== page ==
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Rolling coffee cups into the circular economy

Sponsored: Sustana Fiber is addressing challenges in the recyclability of paper cups, providing sustainable packaging options for environmentally conscious brands.

This article is sponsored by Sustana Fiber.

Are coffee cups recyclable?

A whole lot of guidance out there says they’re not, owing to the thin layer of plastic or wax that keeps the paper cups from falling apart in your hands. It turns out, though, that these cups are perfectly recyclable — it’s just that many municipalities don’t do it.

Sustana Fiber is working to change that, and to advance the inclusion of takeaway hot and cold cups in the circular economy. The company does this both by working with material recovery facilities to recycle used paper cups, and by supplying the resulting fiber to paperboard manufacturers for use in new cups with ever-increasing proportions of post-consumer recycled content. For example, earlier this month, Sustana Fiber supplied the recycled fibers for a new brand of cup stock paperboard that contains up to 32 percent post-consumer recycled fiber, a much higher percentage than the industry standard.

Such efforts have never been more important. Americans generate more waste than people in any other country in the world. Containers and packaging make up the largest portion, or about 30 percent, of the municipal solid waste we generate. That’s the equivalent of 4.5 pounds per person per day, and only slightly more than a third of it is recycled or composted.

Containers and packaging make up the largest portion, or about 30 percent, of the municipal solid waste we generate.
After China’s recent decision to stop accepting the vast majority of the waste it once took from the United States for processing, a growing amount of recyclable material is once again ending up in the landfill. This has prompted an increasingly sophisticated and urgent conversation about the environmental damage associated with containers and packaging.

Recycling the cup

Last year, Sustana Fiber participated in a pilot program with Starbucks in which our Fox River facility processed 25 million Starbucks coffee cups into high-quality fiber that was then used to make new Starbucks cups. The project was Sustana Fiber’s way of demonstrating that a coffee cup can be turned back into a coffee cup. In fact, we process food and beverage containers such as coffee cups every day into high-quality fiber that can be used to make a broad range of products, such as tissue, printing and writing paper and food packaging. 

The challenge with recycling paper cups is that not all municipalities accept them, something Sustana Fiber is working to change. We are a member of the Foodservice Packaging Initiative (FPI), a trade association that has several initiatives aimed at expanding recycling rates. The FPI’s Paper Recovery Alliance, which counts Sustana Fiber among its core companies, brings together the entire paper cup and container supply chain, from raw material supplier through operators, to voluntarily take responsibility for their packaging and ensure that more of it gets recycled and composted. We also work directly with materials recovery facilities to educate them about how to sort paper cups.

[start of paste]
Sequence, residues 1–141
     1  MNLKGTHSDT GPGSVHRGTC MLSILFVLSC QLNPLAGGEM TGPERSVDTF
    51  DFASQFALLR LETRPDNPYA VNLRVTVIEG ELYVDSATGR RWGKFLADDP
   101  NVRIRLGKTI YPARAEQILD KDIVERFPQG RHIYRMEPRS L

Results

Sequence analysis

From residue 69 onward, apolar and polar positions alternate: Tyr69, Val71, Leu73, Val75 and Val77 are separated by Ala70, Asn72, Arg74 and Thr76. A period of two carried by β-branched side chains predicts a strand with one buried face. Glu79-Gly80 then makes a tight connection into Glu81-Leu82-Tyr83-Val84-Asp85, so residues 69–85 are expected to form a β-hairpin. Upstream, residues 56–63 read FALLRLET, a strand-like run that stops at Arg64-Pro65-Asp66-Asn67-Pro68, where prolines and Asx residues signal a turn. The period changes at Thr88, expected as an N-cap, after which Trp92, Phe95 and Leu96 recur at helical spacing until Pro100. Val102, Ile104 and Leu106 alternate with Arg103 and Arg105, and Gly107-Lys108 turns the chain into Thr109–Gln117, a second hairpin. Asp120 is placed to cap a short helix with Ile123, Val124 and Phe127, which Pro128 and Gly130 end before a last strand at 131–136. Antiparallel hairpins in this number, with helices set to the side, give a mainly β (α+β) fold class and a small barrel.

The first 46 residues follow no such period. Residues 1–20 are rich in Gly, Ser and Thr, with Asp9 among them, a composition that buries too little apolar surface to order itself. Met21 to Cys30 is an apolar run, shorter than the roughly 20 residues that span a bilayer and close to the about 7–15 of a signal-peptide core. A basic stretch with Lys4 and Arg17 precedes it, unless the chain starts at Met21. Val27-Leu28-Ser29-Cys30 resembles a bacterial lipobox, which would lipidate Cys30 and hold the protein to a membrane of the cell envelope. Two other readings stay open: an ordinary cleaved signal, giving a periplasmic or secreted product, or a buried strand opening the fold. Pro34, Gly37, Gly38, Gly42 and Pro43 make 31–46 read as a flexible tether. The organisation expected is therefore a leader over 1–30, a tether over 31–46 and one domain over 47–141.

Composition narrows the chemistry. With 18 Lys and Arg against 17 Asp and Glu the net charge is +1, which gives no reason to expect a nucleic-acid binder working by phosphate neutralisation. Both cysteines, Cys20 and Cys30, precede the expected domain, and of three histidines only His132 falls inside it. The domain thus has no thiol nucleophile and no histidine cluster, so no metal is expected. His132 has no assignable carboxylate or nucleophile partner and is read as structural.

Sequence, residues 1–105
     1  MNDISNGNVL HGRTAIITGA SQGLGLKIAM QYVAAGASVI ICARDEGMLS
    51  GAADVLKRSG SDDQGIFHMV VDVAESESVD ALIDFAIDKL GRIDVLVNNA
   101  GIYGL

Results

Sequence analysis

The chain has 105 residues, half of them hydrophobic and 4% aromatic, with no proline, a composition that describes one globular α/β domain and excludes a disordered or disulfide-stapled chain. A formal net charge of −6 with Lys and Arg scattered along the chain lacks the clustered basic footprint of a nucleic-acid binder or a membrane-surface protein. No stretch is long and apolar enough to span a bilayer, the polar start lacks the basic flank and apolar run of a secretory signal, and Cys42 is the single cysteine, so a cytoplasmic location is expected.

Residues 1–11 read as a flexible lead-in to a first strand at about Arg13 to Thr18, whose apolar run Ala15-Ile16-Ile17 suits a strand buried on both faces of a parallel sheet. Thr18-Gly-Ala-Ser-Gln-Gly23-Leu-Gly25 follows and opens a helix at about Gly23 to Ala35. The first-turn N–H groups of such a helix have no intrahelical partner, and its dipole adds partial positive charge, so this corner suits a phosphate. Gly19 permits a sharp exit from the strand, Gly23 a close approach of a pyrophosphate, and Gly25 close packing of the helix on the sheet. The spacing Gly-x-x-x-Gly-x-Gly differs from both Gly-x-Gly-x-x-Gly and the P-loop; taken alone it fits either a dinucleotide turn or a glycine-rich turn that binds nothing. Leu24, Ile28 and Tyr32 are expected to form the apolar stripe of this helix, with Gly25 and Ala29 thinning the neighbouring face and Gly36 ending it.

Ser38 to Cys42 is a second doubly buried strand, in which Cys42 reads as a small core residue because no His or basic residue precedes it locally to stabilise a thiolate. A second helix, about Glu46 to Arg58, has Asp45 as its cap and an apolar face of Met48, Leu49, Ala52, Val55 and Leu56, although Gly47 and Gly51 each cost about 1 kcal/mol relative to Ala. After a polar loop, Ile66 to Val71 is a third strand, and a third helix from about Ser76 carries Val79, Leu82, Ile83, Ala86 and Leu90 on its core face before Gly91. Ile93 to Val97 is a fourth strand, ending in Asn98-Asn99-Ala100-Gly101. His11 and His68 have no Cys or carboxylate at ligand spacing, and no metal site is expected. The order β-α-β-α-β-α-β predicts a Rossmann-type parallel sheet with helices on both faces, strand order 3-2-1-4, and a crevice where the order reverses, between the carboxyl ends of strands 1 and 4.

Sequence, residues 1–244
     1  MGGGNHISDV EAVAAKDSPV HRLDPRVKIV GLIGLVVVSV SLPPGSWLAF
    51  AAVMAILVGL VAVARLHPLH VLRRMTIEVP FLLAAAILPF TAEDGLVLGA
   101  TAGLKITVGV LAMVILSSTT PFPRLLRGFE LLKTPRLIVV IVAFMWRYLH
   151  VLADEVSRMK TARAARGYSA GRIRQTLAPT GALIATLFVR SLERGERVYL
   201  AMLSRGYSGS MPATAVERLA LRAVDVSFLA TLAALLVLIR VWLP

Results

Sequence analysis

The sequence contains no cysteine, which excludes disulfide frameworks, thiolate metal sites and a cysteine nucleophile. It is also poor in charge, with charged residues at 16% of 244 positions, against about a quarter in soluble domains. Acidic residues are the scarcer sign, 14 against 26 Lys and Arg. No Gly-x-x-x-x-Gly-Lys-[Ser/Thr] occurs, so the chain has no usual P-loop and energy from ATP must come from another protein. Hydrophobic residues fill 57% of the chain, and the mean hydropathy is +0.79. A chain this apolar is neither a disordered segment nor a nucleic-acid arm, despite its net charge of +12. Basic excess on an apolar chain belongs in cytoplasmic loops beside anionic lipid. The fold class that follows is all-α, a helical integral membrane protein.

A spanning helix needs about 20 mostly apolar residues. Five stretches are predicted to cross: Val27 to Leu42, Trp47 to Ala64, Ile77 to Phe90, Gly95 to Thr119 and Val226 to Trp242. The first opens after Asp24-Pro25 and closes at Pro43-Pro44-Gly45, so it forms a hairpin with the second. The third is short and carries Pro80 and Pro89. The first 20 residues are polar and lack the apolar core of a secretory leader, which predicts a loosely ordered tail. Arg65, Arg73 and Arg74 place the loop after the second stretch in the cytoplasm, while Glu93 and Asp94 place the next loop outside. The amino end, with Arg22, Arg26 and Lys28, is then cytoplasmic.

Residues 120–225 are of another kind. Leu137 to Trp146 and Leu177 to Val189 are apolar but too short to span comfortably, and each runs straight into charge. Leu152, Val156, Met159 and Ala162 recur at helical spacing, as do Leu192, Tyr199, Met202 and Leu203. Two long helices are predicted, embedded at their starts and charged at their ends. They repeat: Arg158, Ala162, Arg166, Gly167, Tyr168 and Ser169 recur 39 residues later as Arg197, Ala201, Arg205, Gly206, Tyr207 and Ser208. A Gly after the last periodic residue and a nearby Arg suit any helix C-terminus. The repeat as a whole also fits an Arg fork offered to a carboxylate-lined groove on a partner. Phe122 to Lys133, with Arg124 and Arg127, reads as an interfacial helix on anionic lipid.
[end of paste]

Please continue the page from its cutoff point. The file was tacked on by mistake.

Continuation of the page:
Closing the loop

It’s important to prove that paper cup recycling is indeed possible, but it’s also increasingly important to look at how that cup was created in the first place. That’s why Sustana Fiber supplied fiber for use in a cup stock paperboard that contains up to 32 percent post-consumer recycled fiber. 

Previously, the industry standard for post-consumer recycled content in paper cups was only about 10 percent. The cup stock used Sustana Fiber’s EnviroLife – a 100-percent, post-consumer recycled fiber that is FDA-compliant for use in direct food contact packaging under all conditions of use. Post-consumer recycled fiber embodies the circular economy in that it’s manufactured from recycled products that have served a purpose for end-users, then sold to the market where it again serves a useful purpose.

Our chairman and CEO, Fabian de Armas, said it well: "This is an industry milestone that we are proud to be a part of. Thanks to Sustana Fiber’s unique product, we are raising the bar for what’s possible in the circular economy, especially at a particularly critical time for the recycling industry, and for sustainable business as a whole."

Perhaps serendipitously, recovered paper cups actually can yield higher-quality recycled fiber than some other paper products. In that sense, recycled content isn’t just a way for foodservice companies to reduce waste — it may confer its own benefits. Instead of attempting to overcome the perceived deficits of a recycled fiber, this new cup stock paperboard leverages its unique virtues in service of a quality product. That kind of approach improves the value proposition of a circular economy.

Now, more than ever, consumers are looking to companies to lead the charge in sustainability stewardship, and at Sustana Fiber, we are proud to be an enduring supply chain partner for environmentally conscious companies looking to move the needle. We have a deep commitment to sustainability, and our key focus is partnering with like-minded organizations to create a closed-loop fiber future.

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